Is this the year you retire or get promoted?

Thanks to the New Normal — a hot and highly visible European war and record inflation — lots of long-time feds have gotta be saying what-am-I-doing here? Especially those people who, after two years working from home, are now being ordered back to the office. Many are likely reading the headlines and crunching numbers: It is better to be retired from the government than to keep working for it?

More than 70% of the federal...

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Thanks to the New Normal — a hot and highly visible European war and record inflation — lots of long-time feds have gotta be saying what-am-I-doing here? Especially those people who, after two years working from home, are now being ordered back to the office. Many are likely reading the headlines and crunching numbers: It is better to be retired from the government than to keep working for it?

More than 70% of the federal workforce is age 40. In the private sector only 54% are that age or older. With so many retirement-eligible, many are likely crunching the numbers to decide if it is better to be retired from government than working for it. Both financially and emotionally. Tens of thousands of federal and postal workers could retire tomorrow on full benefits! Working longer always means more money earned in salary. At a larger starting annuity when they do retire. But is it worth it? Especially at a time like this when inflation is at a 40 year high. And cost of living adjustments for federal retirees are double those of pay raises for workers. In January of this year CSRS retirees got a 5.9% COLA. FERS retirees got 4.9%. The 2022 pay raise for white collar civil servants at Defense, HHS, IRS and other agencies was 2.7%. It is almost certain that the 2023 COLA, for those who are retired or retire in time, will be larger. Probably much larger than the 2023 pay pay raise. Maybe twice as big!

All of the above are food for thought both for the growing number of retirement eligible feds and tens of thousands of younger employees who are stuck on the promotion ladder. If there is a surge in retirements — especially at places like Defense, the IRS, FAA, Homeland Security and the Social Security Administration — that could create tens of thousands of higher paid vacancies. Social Security has already begun rehiring retired employees to help with its pandemic-induced backlog. The same for the IRS.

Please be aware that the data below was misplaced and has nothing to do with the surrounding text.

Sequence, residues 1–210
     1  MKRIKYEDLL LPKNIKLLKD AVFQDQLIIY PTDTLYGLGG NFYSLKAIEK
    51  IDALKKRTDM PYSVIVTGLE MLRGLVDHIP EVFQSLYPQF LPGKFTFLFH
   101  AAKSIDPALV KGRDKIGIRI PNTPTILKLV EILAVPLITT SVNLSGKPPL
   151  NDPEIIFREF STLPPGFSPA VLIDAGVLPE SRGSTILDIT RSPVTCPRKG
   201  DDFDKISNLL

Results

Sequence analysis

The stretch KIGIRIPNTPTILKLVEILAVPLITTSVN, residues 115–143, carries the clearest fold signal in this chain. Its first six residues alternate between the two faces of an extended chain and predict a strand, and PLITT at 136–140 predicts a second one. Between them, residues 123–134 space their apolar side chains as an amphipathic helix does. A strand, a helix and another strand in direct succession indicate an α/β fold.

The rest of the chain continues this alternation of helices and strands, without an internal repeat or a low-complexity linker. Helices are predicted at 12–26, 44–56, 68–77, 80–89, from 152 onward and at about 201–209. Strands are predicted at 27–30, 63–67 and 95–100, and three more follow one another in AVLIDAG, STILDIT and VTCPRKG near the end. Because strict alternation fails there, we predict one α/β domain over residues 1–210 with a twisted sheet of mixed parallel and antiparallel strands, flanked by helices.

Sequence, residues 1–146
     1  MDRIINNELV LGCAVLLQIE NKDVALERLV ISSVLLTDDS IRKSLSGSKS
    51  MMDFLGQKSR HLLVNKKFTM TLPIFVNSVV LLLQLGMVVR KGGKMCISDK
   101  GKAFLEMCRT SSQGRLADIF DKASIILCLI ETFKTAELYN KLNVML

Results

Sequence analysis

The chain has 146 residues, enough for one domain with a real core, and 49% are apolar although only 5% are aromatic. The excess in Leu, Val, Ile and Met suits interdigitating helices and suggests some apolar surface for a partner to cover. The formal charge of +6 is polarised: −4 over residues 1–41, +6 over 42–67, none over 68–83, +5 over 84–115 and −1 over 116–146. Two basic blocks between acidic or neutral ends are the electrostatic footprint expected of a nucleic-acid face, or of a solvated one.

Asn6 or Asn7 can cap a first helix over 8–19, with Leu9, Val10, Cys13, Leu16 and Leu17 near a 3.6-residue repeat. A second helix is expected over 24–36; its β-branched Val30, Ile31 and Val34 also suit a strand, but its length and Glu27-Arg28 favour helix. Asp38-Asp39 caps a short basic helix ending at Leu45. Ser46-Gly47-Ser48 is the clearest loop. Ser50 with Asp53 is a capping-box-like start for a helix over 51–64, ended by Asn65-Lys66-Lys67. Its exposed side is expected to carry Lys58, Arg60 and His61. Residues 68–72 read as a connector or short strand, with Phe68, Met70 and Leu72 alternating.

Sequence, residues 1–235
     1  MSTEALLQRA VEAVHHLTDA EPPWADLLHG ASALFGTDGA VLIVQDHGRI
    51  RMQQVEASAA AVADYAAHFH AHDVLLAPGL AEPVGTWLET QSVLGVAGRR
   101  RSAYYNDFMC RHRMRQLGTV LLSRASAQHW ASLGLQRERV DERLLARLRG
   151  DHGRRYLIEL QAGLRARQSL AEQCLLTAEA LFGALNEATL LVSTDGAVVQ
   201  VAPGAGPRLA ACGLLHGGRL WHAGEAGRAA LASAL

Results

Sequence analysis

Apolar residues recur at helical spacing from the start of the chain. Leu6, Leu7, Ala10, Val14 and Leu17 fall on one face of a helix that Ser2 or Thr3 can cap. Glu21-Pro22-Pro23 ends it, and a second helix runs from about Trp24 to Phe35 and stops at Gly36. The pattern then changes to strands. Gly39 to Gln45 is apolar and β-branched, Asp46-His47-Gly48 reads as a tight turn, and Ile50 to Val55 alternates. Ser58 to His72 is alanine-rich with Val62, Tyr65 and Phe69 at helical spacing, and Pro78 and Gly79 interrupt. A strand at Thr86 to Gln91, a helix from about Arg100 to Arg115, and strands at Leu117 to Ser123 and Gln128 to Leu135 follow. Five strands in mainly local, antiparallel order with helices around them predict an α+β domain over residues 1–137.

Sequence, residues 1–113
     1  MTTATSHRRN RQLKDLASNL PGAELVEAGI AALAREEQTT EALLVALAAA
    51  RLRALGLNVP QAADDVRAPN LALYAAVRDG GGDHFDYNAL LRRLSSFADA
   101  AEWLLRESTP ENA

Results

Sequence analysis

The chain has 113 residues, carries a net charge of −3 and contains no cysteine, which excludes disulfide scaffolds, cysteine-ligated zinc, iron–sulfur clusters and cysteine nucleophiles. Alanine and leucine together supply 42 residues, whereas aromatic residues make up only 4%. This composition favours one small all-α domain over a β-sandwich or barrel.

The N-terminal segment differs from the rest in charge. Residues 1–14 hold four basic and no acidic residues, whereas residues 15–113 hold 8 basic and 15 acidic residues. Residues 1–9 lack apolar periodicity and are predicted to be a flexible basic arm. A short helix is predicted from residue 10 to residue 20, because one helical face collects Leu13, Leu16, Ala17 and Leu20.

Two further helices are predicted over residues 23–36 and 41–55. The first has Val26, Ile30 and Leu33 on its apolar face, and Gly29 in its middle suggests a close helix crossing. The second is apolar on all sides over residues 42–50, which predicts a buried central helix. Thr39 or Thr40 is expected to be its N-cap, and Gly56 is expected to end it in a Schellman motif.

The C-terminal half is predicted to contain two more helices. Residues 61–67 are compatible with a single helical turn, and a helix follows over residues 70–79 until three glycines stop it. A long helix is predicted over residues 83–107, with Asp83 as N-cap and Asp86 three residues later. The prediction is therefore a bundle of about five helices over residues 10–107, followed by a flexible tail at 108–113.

Self-appointed experts have been predicting a tidal wave of government retirements, a “tsunami,” since the late 1990s. While the numbers were on their side, the mass exodus didn’t happen. Still hasn’t. On the plus side the government is an excellent employer in many regards. Federal workers got pay raises of 2.5% and 2.9% during the downturn, while non-feds were being fired or taking salary cuts (of 5-25%) or lost employer-matches to their 401k plan to keep their companies afloat. And their reduced paychecks coming.

Given all that’s happening (and may be ahead), retirement has become a serious consideration. Each year, lots of retirement eligible workers look at the value of the coming pay raise vs. the retiree COLA and look for ways to get both. For many the plan is to retire at the end of the year and get both the full COLA on their starting annuity PLUS payment of their unused annual leave at the new higher January pay rate. Great in theory but not in action. Last week we ran a chart that shows the breakdown. What happens if feds retire early, mid-year or wait until November? What does that do to their first, January COLA?

Those who retired on or before December 2020 would have gotten the full January 2022 COLA of 5.9% or 4.9%. But if they waited until March 2021 their COLA would drop to 4.4% (CSRS) or 3.7% (FERS). Each month they delayed retirement would reduce their 2022 COLA. Those retiring as late as November got only 0.5% and 0.4% last January.

Nearly Useless Factoid

By David Thornton

“Ugly” Johnny Dickshot got his nickname when he declared himself to be “the ugliest man in baseball.”

Source: Wikipedia

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